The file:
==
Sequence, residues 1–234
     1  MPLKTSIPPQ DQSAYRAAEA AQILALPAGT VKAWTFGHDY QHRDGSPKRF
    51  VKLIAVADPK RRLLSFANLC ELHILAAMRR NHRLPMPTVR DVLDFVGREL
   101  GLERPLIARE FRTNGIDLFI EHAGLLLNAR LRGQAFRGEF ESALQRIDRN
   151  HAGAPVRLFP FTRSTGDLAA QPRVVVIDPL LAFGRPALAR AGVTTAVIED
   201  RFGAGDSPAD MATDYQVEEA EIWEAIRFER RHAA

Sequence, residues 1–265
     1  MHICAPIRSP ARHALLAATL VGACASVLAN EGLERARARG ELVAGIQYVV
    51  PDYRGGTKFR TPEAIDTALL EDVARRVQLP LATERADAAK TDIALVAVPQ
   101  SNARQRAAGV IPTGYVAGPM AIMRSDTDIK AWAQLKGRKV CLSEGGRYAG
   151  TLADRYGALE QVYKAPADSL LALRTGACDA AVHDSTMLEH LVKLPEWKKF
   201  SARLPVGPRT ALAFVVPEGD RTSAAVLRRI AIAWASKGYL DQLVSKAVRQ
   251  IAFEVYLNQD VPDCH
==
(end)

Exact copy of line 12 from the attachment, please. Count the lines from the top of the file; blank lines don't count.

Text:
   201  SARLPVGPRT ALAFVVPEGD RTSAAVLRRI AIAWASKGYL DQLVSKAVRQ